R. Mark Clayton[_2_]
external usenet poster
 
Posts: 419
Default Co-as cable: truth or nonsense?

On Wednesday, 9 November 2016 19:54:33 UTC, Phi wrote:
"Bill Wright" wrote in message
...
Quotes from a recent CCTV trade flier:

Start quotes

A solid copper centre core as copper is better conductor of electricity
and signals than gold! So go for copper conductors. Aluminium is only 61%
as effective as copper.


By volume, but by weight it is better - and a quarter of the price - so just make thicker cores.


Cheap cable such as CCA (Copper Clad Aluminium) and CCS (Copper Clad
Steel) - Cheaper but in reality a false economy. CCA is around 61%
effective as pure copper and CCS as low as 17% - In layman's terms; If a
copper cable works at 100m then the CCA would only work at 61m and the CCS
at just 17m !!

End quotes

Bear in mind that this is for CCTV, not RF. Since cable TV companies often
use steel cored coax for UHF I find the claims above surprising.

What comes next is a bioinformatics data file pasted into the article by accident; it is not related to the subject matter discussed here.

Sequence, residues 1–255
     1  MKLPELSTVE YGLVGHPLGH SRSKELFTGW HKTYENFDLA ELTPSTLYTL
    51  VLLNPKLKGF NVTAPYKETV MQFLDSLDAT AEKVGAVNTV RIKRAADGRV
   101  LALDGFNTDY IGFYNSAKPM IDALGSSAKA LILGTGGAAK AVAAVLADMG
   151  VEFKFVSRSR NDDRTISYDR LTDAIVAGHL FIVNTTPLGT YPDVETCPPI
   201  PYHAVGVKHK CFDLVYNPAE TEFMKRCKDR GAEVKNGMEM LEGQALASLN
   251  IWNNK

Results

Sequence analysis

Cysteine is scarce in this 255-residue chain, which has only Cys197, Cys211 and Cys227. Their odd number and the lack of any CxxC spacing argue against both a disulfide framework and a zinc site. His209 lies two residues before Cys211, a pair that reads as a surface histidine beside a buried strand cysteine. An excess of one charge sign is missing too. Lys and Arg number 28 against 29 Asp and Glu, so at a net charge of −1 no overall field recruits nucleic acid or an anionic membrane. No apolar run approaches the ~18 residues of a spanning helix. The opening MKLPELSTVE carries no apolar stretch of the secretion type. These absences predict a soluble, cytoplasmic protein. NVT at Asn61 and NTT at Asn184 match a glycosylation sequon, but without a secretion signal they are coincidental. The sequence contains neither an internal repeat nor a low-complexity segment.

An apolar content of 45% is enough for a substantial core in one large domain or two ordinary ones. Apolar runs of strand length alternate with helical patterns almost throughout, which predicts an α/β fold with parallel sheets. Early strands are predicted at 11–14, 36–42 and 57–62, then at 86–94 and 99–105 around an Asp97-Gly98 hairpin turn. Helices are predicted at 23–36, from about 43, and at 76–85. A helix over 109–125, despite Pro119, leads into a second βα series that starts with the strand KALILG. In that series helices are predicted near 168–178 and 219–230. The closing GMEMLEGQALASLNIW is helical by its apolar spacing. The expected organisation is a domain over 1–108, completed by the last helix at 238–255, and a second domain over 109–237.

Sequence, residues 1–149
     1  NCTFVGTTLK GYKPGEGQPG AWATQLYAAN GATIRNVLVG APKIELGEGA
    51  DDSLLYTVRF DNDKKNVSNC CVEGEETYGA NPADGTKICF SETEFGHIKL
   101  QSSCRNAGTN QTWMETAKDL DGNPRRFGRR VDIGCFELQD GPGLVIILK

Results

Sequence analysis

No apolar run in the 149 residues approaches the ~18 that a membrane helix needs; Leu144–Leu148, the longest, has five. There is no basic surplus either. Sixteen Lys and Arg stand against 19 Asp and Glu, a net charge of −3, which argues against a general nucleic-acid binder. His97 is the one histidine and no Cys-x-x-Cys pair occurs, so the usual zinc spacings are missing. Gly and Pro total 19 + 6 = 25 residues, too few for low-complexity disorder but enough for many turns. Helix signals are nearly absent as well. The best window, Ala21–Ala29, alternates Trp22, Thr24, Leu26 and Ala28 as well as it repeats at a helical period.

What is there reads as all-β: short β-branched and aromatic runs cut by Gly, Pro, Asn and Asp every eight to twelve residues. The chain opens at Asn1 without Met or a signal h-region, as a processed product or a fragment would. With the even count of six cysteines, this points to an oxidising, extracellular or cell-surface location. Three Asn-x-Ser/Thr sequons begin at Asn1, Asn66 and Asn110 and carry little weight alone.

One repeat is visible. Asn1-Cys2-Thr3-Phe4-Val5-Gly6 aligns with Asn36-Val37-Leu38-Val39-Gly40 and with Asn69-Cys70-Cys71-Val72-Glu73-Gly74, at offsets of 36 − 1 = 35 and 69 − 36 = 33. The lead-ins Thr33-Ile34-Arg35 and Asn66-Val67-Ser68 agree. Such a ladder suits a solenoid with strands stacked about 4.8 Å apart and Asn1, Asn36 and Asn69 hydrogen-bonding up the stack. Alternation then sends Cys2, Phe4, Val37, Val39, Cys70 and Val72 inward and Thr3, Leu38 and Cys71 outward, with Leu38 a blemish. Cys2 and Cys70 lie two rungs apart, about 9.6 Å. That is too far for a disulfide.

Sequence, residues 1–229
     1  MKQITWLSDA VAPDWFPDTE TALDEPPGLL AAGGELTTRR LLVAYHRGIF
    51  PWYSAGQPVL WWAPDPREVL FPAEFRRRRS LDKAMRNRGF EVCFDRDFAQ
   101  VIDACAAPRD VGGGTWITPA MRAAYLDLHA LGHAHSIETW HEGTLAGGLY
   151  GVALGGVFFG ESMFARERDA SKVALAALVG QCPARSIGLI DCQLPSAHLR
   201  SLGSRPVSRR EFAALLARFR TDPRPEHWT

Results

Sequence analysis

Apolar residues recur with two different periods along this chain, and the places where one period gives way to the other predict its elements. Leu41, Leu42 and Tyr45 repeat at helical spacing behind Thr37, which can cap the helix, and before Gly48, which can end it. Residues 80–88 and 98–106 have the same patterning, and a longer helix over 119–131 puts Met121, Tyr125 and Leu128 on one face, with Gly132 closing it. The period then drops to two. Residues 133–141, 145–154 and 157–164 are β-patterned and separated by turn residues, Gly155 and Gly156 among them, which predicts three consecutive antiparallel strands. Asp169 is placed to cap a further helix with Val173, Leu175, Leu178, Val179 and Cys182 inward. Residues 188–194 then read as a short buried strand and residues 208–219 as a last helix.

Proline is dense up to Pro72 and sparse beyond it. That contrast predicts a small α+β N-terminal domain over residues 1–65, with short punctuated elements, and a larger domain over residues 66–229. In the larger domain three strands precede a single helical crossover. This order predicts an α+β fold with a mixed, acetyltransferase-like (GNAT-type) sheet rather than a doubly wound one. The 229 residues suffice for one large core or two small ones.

Bill


Silver is the best conductor


Indeed you can get silver speaker cables! OTOH these are a stupid waste of money.

During WWII there was a shortage of copper, so for the Manhattan Project coils were wound using 13G3g of silver from the US Treasury.
https://en.wikipedia.org/wiki/Manhat...tic_separation
i.e. train loads of the stuff!
  #4  
Old November 9th 16, 08:01 PM posted to uk.tech.digital-tv
Ian Jackson[_5_]
external usenet poster
 
Posts: 42
Default Co-as cable: truth or nonsense?

In message , Bill Wright
writes
Quotes from a recent CCTV trade flier:

Start quotes

A solid copper centre core as copper is better conductor of electricity
and signals than gold! So go for copper conductors. Aluminium is only
61% as effective as copper.

Cheap cable such as CCA (Copper Clad Aluminium) and CCS (Copper Clad
Steel) - Cheaper but in reality a false economy. CCA is around 61%
effective as pure copper and CCS as low as 17% - In layman's terms; If